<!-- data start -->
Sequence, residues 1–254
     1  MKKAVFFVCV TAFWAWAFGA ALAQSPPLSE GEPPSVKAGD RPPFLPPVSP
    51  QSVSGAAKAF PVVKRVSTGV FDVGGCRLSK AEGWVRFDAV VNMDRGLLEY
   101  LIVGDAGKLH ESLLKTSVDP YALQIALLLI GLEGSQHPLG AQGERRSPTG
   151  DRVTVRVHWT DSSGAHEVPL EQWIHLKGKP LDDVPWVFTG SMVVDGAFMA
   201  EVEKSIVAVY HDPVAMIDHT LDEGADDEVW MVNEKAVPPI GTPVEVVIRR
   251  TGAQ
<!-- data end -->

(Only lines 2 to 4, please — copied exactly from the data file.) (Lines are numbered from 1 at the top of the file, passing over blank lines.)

     1  MKKAVFFVCV TAFWAWAFGA ALAQSPPLSE GEPPSVKAGD RPPFLPPVSP
    51  QSVSGAAKAF PVVKRVSTGV FDVGGCRLSK AEGWVRFDAV VNMDRGLLEY
   101  LIVGDAGKLH ESLLKTSVDP YALQIALLLI GLEGSQHPLG AQGERRSPTG